Beyond their use for pain relief, opioids can also cause a “high” that may become addictive to those who take them. Opioids may initially cause feelings of euphoria and relaxation. Over time, however, opioid abuse and addiction can also cause severe agitation, anxiety, depression, and painful physical symptoms throughout the body.

Side effects of opioids may include:

  • confusion
  • nausea
  • constipation
  • sleepiness
  • dizziness
  • low testosterone
  • increased sensitivity to pain
  • itching
  • sweating

Many people who become addicted to opioids use these drugs to self-medicate, as a way to treat symptoms of other physical and mental health issues, including depression and post-traumatic stress disorder (PTSD). For some, taking opioids can become a way to relieve both physical and emotional pain.

Opioid abuse and addiction have been linked to various health problems, including greater risk for liver disease, HIV, cognitive decline, and issues during pregnancy.

How Massachusetts Has Been Affected By The Opioid Crisis

Massachusetts is one of the top ten states believed to be most impacted by the opioid crisis. The opioid-related death rate in Massachusetts is double the national average, despite having one of the lowest prescribing rates.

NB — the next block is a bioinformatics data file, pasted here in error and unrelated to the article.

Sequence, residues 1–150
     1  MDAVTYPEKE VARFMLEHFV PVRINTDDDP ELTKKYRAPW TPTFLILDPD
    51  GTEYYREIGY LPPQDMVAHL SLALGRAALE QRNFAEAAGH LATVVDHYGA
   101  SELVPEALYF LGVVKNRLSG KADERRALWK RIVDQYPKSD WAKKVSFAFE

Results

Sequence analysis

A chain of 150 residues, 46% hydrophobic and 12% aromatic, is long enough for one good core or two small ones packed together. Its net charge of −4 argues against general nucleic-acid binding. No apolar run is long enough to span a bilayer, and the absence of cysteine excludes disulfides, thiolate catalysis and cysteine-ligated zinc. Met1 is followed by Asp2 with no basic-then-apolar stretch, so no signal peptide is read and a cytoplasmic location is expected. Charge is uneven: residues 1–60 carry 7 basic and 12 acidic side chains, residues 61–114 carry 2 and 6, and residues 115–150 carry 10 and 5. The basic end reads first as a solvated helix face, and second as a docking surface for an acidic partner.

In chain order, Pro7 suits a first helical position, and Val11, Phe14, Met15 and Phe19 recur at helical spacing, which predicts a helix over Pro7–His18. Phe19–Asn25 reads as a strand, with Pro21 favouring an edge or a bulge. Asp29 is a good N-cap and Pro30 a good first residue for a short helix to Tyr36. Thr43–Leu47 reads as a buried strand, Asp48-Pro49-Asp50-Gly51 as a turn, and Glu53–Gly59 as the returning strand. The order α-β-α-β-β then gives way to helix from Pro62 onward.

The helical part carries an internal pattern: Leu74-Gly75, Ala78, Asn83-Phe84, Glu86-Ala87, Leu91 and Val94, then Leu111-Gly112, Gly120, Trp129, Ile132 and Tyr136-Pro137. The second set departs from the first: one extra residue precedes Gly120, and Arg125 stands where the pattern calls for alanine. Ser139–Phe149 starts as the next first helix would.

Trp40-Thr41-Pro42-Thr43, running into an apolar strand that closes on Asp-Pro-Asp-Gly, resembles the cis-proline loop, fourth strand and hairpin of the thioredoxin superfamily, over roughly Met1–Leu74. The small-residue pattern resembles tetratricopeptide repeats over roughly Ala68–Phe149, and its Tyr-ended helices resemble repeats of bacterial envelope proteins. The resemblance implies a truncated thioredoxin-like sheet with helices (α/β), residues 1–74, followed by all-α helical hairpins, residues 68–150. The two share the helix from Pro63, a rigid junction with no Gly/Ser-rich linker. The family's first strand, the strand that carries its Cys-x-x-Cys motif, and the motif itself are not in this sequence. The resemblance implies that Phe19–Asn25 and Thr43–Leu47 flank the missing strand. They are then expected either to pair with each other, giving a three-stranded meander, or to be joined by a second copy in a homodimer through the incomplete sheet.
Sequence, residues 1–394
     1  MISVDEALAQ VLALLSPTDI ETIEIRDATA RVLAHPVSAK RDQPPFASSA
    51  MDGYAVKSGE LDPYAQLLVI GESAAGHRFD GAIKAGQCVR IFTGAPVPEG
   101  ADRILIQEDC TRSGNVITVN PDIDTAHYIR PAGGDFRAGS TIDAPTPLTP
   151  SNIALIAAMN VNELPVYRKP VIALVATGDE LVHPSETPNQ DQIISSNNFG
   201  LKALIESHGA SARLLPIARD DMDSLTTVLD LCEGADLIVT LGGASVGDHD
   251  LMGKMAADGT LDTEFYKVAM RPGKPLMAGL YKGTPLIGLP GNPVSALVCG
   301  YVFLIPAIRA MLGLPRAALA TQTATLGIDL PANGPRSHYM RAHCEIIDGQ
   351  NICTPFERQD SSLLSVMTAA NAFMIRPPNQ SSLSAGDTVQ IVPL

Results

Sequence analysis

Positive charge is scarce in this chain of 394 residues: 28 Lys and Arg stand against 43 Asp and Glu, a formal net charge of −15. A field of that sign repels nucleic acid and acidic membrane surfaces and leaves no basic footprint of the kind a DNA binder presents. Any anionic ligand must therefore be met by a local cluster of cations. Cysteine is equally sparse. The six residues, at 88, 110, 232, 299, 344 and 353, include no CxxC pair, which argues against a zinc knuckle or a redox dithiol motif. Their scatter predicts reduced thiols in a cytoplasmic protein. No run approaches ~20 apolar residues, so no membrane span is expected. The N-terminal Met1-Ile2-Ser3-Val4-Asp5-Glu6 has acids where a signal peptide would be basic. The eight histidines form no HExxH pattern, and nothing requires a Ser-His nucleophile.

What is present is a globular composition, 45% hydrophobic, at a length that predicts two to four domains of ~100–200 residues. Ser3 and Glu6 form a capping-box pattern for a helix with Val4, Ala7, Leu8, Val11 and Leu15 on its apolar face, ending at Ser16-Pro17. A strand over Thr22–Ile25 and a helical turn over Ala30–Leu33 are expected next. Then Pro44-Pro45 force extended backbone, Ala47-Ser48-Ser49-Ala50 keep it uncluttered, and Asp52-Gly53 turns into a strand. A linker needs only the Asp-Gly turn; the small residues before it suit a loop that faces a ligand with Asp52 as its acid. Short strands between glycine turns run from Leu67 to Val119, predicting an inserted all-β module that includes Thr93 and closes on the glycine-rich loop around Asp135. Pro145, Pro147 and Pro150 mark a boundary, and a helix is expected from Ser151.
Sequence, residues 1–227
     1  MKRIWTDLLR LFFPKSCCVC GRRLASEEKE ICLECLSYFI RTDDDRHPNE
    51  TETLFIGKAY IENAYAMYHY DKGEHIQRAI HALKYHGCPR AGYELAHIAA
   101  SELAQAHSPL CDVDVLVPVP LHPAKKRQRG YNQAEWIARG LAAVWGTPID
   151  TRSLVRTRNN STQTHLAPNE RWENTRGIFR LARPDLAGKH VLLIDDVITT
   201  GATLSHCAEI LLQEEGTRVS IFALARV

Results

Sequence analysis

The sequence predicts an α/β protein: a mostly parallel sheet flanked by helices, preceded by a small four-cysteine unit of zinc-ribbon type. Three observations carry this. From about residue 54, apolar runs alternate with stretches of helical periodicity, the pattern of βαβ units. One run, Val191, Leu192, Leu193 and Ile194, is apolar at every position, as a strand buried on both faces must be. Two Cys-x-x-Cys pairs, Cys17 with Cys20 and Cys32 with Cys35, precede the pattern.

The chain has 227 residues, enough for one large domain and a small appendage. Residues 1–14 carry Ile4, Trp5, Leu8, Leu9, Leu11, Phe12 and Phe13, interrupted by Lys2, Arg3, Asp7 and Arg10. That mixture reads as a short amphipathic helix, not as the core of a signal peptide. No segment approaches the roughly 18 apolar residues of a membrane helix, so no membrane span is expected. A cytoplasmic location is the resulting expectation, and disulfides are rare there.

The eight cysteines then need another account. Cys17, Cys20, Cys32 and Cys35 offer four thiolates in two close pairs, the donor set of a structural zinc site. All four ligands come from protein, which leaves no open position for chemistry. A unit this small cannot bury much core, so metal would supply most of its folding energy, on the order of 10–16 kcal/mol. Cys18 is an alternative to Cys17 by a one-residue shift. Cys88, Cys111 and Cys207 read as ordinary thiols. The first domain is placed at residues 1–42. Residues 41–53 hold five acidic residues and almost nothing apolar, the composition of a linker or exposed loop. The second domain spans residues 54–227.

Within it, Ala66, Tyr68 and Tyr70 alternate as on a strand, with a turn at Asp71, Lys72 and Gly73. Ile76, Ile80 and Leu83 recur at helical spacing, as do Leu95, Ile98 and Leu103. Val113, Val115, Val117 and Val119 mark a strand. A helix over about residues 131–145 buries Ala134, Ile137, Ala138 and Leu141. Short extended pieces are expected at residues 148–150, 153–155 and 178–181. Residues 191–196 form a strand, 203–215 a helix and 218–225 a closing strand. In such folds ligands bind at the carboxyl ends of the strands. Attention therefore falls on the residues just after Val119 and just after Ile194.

One of the biggest drivers of the Massachusetts opioid crisis more recently is the increased use and abuse of illicit fentanyl. Fentanyl is anywhere from 50 to 100 times more potent than heroin and is the leading cause of opioid-related deaths in the state.

Statistics on opioid misuse and addiction in Massachusetts:

  • In 2018, there were a total of 1,991 reported opioid-related overdose deaths
  • About 475 of these opioid overdose deaths involved heroin
  • The majority of opioid-related drug overdose deaths in the state involve synthetic opioids
  • About half of all admissions to substance abuse treatment centers in the state are opioid-related
  • More than two-thirds of those who died of a fatal opioid overdose from 2011 to 2014 had received a legal prescription for opioids